Four "S"-ential Practices


I find it easy to get so busy tending to “very important” things that I forget to take care of myself. Sometimes this is a task or project that so consumes my attention that I forget to eat. Sometimes it is the mental worry about things that I know I can not fix or control that prevents me from thinking clearly about other things. I can let the good things that so consume my attention and energy that I have nothing left. All of a sudden, I notice that I am an empty shell going through the motions, sometimes unaware of my desperate need for healing and renewal.


How can we recover from, or even better prevent, this spiritual exhaustion and emptiness?


Jesus tells us that abiding in Him is the key. By abiding, we return the eternal perspective to our lives. Abiding changes the question from “Where is God in all of this?” to “Where am I in God as all of this happens?” As we abide, we hear the call of God to simply be loved, nourished, and renewed in His presence.


But, I am very resistant to abiding - I want to be in control, I want my effort to make it happen… I want to hold my breath, close my eyes, and give everything that I can to make the fruit come NOW! bigger, better, faster than anyone has ever made fruit and I want to do it all by myself!


It takes practice to learn anything. These past weeks have been very interesting to watch as my 8 year old daughter encounters learning and practicing… and resistance. 

  • It takes practice to write

  • It takes practice to throw

  • It takes practice to ride a bicycle

  • It takes practice to abide


How can we practice abiding? There are 4 “S”’s which are essential practices to teach us to abide. Sleep, Silence, Sabbath, and Solitude.


The first practice is Sleep - Sleep is physiologically essential and it is also spiritually essential, but why do we not sleep? Why do we resist abiding in God for the 7 to 9 hours that most of us truly need? Instead, we work, we worry, we think, we plan, we devise ways to distract ourselves to exhaustion. Listen to the words of the psalmist, in Psalm 4 we hear after a listing of the troubles and blessings of the day, “In peace I will both lie down and sleep; for you alone, O Lord, make me dwell in safety.” In Psalm 127, After the proclamation that “Unless the Lord builds the house, those who build it labor in vain.” We hear the words that speak to me as loudly today as when they were first written, “It is in vain that you rise up early and go late to rest, eating the bread of anxious toil; for he gives to his beloved sleep.” Sleep is an essential practice of surrendering the worries that burden us to the sovereignty of God and abiding.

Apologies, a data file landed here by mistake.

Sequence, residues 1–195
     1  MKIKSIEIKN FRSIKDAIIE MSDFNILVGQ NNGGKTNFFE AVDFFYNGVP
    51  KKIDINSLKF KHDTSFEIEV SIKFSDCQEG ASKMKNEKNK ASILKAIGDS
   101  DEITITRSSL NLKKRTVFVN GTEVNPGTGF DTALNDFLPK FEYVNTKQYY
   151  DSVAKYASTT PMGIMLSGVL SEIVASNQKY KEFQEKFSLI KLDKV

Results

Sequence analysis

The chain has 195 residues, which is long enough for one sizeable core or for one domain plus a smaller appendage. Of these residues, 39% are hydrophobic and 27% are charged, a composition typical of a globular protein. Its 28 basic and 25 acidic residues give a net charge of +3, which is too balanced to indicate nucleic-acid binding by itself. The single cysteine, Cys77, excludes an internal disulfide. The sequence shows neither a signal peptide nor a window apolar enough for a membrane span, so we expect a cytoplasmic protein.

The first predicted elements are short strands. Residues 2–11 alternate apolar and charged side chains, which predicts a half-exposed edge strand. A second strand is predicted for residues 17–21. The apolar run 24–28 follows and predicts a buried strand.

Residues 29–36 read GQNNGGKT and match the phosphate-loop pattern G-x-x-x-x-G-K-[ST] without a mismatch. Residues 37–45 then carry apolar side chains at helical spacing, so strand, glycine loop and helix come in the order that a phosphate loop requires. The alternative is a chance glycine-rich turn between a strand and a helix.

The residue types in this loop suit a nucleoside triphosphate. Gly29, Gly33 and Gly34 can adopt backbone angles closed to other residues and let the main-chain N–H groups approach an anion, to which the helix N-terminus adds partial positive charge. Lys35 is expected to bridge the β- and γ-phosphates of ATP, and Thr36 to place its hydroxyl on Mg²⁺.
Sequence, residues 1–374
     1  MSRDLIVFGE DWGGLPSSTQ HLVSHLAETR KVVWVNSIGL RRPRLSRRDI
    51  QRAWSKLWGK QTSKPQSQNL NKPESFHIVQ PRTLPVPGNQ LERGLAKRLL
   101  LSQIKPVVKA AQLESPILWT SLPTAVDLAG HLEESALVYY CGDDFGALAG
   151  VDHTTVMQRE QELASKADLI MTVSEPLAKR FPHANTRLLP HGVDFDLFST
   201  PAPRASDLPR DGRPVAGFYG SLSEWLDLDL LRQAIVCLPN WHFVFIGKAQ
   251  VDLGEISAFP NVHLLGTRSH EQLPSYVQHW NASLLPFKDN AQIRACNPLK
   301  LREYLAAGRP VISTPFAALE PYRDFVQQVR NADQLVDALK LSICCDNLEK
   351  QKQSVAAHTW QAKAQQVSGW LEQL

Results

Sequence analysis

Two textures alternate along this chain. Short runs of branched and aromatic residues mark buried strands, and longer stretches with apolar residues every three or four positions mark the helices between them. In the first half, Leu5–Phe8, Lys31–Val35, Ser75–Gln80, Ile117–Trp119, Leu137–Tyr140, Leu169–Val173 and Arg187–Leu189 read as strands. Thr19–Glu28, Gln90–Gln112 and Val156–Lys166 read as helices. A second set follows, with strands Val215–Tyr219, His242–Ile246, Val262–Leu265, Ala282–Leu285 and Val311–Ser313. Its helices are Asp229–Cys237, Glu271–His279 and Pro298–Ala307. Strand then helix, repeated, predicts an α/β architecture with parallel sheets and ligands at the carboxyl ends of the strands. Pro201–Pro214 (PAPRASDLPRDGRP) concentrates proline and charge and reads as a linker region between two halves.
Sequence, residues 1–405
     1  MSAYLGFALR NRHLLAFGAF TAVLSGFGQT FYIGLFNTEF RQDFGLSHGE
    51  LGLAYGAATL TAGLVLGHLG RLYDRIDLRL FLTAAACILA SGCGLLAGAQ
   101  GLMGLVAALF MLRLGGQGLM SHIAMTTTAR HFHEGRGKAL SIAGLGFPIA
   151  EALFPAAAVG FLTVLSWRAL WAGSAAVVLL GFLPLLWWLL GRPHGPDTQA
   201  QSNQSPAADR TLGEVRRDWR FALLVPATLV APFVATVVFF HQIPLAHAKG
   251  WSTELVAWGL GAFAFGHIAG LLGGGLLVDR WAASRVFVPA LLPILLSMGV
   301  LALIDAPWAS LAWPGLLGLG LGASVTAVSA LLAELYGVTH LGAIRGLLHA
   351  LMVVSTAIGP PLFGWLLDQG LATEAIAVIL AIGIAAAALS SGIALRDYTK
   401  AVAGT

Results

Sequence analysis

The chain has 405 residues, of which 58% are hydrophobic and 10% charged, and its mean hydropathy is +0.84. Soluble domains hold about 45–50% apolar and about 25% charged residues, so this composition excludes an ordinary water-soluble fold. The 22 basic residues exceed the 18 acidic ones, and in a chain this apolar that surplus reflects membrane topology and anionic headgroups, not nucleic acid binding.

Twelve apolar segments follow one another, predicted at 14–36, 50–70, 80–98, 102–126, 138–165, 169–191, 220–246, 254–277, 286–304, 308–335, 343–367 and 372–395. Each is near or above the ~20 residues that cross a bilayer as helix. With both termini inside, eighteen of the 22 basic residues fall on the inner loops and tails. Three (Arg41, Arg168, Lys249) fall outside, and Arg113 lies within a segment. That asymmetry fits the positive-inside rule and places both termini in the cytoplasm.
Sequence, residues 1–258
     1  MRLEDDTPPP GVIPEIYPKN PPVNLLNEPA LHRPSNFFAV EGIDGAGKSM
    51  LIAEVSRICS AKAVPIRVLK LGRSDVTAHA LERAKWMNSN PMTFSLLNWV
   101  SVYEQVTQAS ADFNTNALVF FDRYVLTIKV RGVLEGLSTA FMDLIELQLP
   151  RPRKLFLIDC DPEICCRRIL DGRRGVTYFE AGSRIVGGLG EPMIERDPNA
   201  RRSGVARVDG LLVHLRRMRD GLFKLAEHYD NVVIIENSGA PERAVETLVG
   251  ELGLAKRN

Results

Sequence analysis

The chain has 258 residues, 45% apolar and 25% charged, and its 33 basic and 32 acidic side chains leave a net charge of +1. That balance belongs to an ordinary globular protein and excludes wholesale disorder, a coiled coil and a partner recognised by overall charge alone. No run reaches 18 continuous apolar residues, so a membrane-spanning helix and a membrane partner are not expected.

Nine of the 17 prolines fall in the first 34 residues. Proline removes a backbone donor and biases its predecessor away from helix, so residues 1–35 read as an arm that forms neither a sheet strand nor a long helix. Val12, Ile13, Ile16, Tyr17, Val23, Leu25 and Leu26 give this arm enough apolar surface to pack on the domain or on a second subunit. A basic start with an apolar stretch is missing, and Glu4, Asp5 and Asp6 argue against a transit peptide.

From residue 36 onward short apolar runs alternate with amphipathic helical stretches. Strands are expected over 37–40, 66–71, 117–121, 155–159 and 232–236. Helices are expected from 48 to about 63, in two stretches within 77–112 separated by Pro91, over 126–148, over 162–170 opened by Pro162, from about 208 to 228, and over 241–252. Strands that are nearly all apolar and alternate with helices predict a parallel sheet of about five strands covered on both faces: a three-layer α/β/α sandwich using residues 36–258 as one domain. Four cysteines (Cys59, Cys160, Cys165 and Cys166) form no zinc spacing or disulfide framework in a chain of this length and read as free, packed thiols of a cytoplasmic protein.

The next practice is Silence - We are constantly surrounded by sounds and images. When silence begins to invite us, we seek some kind of noise to distract us, but it is in silence, the deliberate discipline of silence, daily or several times a week, that we learn to abide, simply abide, in God. But, how do we actually come into silence? How do we practice? Again, we can turn to the wisdom of the Psalms and in Psalm 62 we find the invitation, “For God alone my soul in silence waits.” We then hear about the blessings and trials of the psalmist, the activities and busyness of the day, before hearing the command, “Wait, oh my soul, in silence for God alone.” This is our practice of silence, to surrender our souls to God, to let our thoughts, our worries, and our triumphs come to be presented before the Lord, to be given over in trust to Him. As we practice silence, we abide and let God do the work, shaping, forming, pruning, nourishing. I have a friend and mentor who describes it this way, “What God does in the depths of our soul as we wait in silence is often none of our business.”


Next we come to Sabbath - a gift from God from the very act of Creation, Sabbath is a commandment, a way of loving God, loving ourselves, and loving our neighbor. Sabbath is a day to rest, a day to delight in the Lord, a day to trust, a day to abide. It takes planning and preparation to have a Sabbath day. For those of us who minister in churches that meet for worship on Sunday, Sunday is a beautiful day of worship, a holy day, but it is not a day of rest. We must find another day to Sabbath and guard it from the demands of others so that we may have meet those demands on the other days of the week in Love rather than in exhaustion. To Sabbath, I must order the rest of my week around this 24 hour period of rest, of grounding my temporal circumstances in the one and eternal Trinity. It takes work to Sabbath well. It takes practice. Sabbath teaches us to abide.


Finally, we come to Solitude - In addition to our daily and weekly practices of sleep, silence, and sabbath, we also periodically need extended periods of quiet and rest to reorient ourselves to the Kingdom of God and become aware again of the loving presence of God. In the midst of successful ministry, Jesus invites the twelve to “come away by yourselves to a desolate place and rest awhile” (Mark 6:31). I hear this call, but too often, I’m more like Elijah. I resist the call to solitude until I am so exhausted and burnt out that I want to go out into the desert, sit under a tree, and give up. Either way, we are all called to the practice of solitude, of deep extended abiding in the loving presence of God.


And so I invite you to consider the ways in which God may be calling you to be grounded in the Sacred, to hear Truth with a capital T, hope with a capital H and love with a capital L. Consider the ways that God may be inviting you to the practices of sleep, silence, sabbath, and solitude. I invite you to hear God’s call to abide.  



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